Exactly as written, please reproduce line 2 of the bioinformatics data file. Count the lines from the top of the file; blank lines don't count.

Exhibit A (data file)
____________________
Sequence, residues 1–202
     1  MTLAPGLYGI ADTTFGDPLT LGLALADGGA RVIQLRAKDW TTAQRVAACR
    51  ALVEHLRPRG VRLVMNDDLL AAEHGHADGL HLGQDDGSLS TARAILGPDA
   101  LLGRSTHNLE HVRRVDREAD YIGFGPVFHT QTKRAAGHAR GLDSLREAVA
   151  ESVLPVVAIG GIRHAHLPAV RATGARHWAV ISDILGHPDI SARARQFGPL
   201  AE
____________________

     1  MTLAPGLYGI ADTTFGDPLT LGLALADGGA RVIQLRAKDW TTAQRVAACR